MCMC in Python: Fit a non-linear function with PyMC

Here is a recent q&a on stack overflow that I did and liked.

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Tabular Data in Python: Getting just the columns I want from pandas.DataFrame.describe

The Python Pandas DataFrame object has become the mainstay of my data manipulation work over the last two years. One thing that I like about it is the `.describe()` method, that computes lots of interesting things about columns of a table. I often want those results stratified, and `.groupby(col)` + `.describe()` is a powerful combination for doing that.

*But* today, and many days, I don’t want all of the things that `.describe()` describes. And the ones that I do want, I want as columns. Here is the recipe for that:

import pandas as pd

df = pd.DataFrame({'A': [0,0,0,0,1,1],
                   'B': [1,2,3,4,5,6],
                   'C': [8,9,10,11,12,13]})

df.groupby('A').describe().unstack()\
    .loc[:,(slice(None),['count','mean']),]

and out comes just what I wanted:

       B            C
   count  mean  count  mean
A
0      4   2.5      4   9.5
1      2   5.5      2  12.5

It took me a while to figure this out, and these docs helped:

http://pandas.pydata.org/pandas-docs/stable/reshaping.html#reshaping-by-stacking-and-unstacking

http://pandas.pydata.org/pandas-docs/stable/indexing.html#indexing-xs

Here it is as a ipython notebook.

(Note: this requires Pandas version at least 0.14.)

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The one before that

Jake Vanderplas’s comparison of Python MCMC modules was preceded by a Bayesian polemic. In general, I find the stats philosophy war old-timey and distracting, but his comparison of confidence intervals and credible intervals is something I need to understand better.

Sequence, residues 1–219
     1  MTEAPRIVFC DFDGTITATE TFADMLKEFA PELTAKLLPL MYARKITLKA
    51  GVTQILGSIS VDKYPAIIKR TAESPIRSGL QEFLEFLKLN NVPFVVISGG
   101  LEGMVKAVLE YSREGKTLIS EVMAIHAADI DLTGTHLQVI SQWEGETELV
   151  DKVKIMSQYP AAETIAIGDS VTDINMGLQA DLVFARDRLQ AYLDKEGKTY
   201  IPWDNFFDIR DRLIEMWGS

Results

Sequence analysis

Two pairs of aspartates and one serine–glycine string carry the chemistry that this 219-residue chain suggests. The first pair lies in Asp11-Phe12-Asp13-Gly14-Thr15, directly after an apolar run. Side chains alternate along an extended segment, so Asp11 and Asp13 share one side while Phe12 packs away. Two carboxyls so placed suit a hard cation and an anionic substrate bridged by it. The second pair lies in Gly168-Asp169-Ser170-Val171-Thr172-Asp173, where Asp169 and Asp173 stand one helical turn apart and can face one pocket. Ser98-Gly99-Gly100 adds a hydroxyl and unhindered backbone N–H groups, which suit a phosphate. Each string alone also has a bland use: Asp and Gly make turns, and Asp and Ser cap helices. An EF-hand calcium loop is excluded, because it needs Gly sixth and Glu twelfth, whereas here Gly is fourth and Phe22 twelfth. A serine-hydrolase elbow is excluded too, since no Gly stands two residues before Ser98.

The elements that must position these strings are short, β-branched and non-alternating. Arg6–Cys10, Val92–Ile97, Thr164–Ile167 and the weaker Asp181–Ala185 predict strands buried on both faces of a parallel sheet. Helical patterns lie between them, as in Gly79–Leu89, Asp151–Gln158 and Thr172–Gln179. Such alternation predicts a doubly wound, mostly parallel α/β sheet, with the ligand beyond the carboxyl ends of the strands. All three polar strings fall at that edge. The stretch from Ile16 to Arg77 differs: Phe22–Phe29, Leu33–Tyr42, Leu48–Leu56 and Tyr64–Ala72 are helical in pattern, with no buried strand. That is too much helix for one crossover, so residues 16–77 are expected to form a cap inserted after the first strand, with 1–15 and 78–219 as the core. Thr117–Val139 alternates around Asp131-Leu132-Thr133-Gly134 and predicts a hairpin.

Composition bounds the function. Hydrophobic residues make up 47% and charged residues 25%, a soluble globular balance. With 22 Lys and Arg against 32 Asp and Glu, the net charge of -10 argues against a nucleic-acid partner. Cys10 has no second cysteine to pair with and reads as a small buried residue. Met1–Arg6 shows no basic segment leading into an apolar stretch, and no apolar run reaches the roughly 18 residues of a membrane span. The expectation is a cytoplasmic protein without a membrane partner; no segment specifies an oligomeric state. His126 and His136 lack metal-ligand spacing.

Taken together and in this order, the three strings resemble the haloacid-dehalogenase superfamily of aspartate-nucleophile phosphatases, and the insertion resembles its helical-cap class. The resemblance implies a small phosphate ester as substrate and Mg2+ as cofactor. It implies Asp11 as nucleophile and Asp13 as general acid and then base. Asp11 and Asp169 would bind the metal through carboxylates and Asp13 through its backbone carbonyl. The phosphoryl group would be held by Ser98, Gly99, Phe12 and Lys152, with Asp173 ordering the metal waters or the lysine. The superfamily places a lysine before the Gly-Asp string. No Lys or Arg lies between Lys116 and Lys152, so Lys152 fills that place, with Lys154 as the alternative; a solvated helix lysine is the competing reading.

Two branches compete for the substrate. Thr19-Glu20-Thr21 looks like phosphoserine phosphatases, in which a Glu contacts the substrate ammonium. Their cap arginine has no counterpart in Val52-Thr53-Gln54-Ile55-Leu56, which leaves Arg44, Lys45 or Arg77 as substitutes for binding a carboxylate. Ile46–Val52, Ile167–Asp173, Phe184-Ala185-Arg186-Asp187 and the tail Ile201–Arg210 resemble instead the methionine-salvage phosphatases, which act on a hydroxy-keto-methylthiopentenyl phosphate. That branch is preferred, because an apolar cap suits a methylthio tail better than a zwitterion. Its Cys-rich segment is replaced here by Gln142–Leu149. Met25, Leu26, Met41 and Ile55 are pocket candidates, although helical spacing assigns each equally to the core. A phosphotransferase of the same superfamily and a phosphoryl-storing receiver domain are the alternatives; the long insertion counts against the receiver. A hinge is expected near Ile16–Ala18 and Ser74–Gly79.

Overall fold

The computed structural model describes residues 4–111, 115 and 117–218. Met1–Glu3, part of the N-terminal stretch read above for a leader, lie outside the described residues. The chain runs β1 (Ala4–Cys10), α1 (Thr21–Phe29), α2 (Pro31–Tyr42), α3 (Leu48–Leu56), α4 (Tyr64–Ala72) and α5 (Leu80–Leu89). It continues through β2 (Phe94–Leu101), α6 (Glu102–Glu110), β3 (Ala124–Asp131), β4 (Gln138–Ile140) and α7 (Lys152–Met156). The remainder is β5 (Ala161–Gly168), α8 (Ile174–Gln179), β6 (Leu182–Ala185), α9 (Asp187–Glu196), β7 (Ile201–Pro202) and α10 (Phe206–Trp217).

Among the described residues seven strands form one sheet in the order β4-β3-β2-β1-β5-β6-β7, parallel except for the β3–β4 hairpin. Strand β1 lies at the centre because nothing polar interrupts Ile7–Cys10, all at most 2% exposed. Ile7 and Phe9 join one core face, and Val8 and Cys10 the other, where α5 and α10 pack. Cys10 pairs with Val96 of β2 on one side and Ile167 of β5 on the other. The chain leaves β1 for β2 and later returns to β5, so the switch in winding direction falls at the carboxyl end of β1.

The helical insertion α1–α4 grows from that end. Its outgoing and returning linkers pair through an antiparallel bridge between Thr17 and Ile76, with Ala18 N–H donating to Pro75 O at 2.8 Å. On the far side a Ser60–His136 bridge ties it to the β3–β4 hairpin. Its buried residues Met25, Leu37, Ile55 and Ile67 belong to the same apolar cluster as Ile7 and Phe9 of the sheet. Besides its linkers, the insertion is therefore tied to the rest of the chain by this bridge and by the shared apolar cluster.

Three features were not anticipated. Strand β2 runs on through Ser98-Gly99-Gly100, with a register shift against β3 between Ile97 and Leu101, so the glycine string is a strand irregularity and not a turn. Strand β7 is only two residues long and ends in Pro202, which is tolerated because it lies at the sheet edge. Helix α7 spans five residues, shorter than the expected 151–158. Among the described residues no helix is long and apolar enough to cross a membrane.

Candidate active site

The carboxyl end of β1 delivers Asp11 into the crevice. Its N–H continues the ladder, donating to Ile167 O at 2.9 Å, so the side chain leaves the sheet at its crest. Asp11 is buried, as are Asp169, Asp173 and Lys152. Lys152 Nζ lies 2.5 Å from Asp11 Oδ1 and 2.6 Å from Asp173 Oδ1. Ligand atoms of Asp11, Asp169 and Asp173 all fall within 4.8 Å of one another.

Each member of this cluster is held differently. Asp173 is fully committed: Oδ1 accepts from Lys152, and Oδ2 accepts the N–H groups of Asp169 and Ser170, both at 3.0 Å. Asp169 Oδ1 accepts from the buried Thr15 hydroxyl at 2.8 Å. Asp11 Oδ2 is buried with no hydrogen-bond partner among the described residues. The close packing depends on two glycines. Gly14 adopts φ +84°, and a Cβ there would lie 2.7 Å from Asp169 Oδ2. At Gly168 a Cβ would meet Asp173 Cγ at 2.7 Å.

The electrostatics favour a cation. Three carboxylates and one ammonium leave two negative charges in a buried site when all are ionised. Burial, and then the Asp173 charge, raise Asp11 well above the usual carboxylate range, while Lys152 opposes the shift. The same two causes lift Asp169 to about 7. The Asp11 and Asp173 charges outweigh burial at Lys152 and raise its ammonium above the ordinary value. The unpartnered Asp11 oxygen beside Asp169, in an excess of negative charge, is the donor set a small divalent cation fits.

http://jakevdp.github.io/blog/2014/06/12/frequentism-and-bayesianism-3-confidence-credibility/

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MCMC in Python: a bake-off

While I’m on a microblogging spree, I’ve been meaning to link to this informative comparison of pymc, emcee, and pystan: http://jakevdp.github.io/blog/2014/06/14/frequentism-and-bayesianism-4-bayesian-in-python/

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MCMC in Python: Another thing that turns out to be hard

Here is an interesting StackOverflow question, about a model for data distributed as the sum of two uniforms with unknown support. I was surprised how hard it was for me.

http://stackoverflow.com/questions/24379868/estimate-the-parameters-of-a-random-variable-which-is-the-sum-of-uniform-random/24397044#24397044

I think the future of probabilistic programming should be to make a model for this easy to code.

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MCMC in Python: Never… no… always check for convergence

I’ve had no teaching responsibilities over the last quarter, and I must miss it. I’ve found myself responding to PyMC questions on StackOverflow more than ever before. It is an interesting window into what is hard in Bayesian computation. Checking (and achieving) MCMC convergence is one thing that is hard. Here are some questions and answers that include it:

http://stackoverflow.com/questions/24294203/difference-between-bugs-model-and-pymc/24347102#24347102

http://stackoverflow.com/questions/24242660/pymc3-multiple-observed-values/24271760#24271760

http://stackoverflow.com/questions/24402834/fitting-power-law-function-with-pymc/24413323#24413323

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Graduation Congratulations 2014

This is the season of graduation activities at IHME and UW. Congrats to my colleagues completing their fellowships!

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